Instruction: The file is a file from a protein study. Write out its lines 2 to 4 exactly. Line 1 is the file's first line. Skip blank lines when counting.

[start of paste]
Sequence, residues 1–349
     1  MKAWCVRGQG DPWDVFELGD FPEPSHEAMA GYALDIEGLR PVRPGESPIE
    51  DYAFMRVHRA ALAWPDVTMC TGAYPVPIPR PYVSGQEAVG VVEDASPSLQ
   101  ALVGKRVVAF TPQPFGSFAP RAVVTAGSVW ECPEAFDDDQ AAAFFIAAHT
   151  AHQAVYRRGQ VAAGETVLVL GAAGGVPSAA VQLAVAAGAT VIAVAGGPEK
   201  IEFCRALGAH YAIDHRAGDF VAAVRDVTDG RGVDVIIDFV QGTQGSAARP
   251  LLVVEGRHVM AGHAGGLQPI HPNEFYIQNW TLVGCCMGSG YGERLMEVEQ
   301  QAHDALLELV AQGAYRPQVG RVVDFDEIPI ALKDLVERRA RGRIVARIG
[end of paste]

     1  MKAWCVRGQG DPWDVFELGD FPEPSHEAMA GYALDIEGLR PVRPGESPIE
    51  DYAFMRVHRA ALAWPDVTMC TGAYPVPIPR PYVSGQEAVG VVEDASPSLQ
   101  ALVGKRVVAF TPQPFGSFAP RAVVTAGSVW ECPEAFDDDQ AAAFFIAAHT